Ingvar Stones, Part I: Gripsholm

‘Tóla lét ræisa stæin þænnsa at sun sinn Harald, bróður Ingvars. Þæir fóru drængila fjærri at gulli auk austarla ærni gáfu, dóu sunnarla á Serklandi.’
‘Tóla had this stone raised after her son Harald, the brother of Ingvar. They travelled manfully far after gold and gave to the eagle in the east, died in the south in Saracen-land.’

The Gripsholm Runestone (Sö 179) is a good place to start when looking at the series of runestones that honour the mid-eleventh century Swedish expedition to ‘Serkland.’ This expedition was led by a man named Ingvar (Yngvar in West Norse), and was remembered in Iceland in Yngvars saga víðfǫrla.

The saga cannot be taken as an accurate source, as, while the beginning of the journey, starting in Russia and going down the middle of three rivers that flowed from the south into Russia (presumably this was the Don, or perhaps the Dnieper), is accurate, the geography of the latter part is clearly based on Crusade era reports of ‘the land of the Saracens.’ Cities mentioned are Heliopolis (Baalbek, Lebanon) and ‘Citopolis,’ presumably a corruption of Scythopolis (Beit She’an, Israel).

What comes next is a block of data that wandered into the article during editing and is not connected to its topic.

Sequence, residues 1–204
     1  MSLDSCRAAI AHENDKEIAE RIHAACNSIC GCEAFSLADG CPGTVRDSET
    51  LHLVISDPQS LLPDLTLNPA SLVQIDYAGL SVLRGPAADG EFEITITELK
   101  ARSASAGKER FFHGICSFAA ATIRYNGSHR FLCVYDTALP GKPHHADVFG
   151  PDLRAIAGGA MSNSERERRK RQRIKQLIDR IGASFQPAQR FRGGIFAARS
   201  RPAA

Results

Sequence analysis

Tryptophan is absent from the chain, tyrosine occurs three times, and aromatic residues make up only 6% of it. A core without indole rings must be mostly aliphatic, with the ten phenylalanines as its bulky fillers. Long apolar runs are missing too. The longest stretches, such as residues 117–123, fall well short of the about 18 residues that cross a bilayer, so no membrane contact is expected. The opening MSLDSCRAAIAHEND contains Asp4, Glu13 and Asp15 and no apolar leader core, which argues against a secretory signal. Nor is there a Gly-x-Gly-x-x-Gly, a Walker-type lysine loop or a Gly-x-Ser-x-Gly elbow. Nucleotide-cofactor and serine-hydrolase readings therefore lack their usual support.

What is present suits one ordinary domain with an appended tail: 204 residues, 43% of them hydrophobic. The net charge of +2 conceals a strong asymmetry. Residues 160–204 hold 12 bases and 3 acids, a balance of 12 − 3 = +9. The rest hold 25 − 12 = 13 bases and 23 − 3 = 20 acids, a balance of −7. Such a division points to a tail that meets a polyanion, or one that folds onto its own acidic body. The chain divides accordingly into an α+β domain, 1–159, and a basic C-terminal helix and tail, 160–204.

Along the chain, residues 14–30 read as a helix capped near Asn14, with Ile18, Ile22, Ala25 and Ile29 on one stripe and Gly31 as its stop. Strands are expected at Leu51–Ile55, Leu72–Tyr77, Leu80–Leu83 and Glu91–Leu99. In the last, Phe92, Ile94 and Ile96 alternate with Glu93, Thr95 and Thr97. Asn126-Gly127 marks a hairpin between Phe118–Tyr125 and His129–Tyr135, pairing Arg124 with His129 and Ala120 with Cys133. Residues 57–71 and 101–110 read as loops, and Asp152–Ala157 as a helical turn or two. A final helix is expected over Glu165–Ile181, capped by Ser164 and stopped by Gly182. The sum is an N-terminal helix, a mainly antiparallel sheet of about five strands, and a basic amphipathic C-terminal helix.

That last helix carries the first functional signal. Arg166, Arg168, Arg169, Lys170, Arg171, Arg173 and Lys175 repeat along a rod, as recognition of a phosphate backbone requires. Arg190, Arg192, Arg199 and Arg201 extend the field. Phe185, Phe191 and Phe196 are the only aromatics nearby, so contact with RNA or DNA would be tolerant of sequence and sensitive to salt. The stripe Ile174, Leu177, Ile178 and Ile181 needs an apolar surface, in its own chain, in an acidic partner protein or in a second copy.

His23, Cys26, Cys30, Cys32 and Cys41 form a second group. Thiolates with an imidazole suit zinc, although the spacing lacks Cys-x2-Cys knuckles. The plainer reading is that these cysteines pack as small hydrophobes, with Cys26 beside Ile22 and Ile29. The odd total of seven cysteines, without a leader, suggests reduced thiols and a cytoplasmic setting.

Such inaccuracies would likely have led many to dismiss the journey as pure fiction, if it wasn’t for the nearly thirty runestones commemorating fallen participants in the disastrous journey.

It has been noted that it is strange that a commemorative runestone stands for Ingvar’s brother, but not himself. Many theories have been put forward to explain it, such as that Harald was Ingvar’s half-brother, and Tóla raised only a stone for her own son, or that Harald and Ingvar were ‘blood-brothers,’ sworn-brothers as opposed to brothers by birth. However, it is worth noting that the Gripsholm stone itself was found built into the cellar of Gripsholm Castle, and a potential memorial for Ingvar could likely have been destroyed by such use.

It is worth noting the alliterative elements at the end of the inscription, which can be fit into the metre of fornyrðislag: ‘Þæir fóru drængila / fjærri at gulli / auk austarla / ærni gáfu, / dóu sunnarla / á Serklandi.’ Lines of alliterative poetry are also found on other runestones commemorating this journey.

Photo: Sö 179, Gripsholm by Wikimedia User:Berig, CC BY-SA 3.0 / Link

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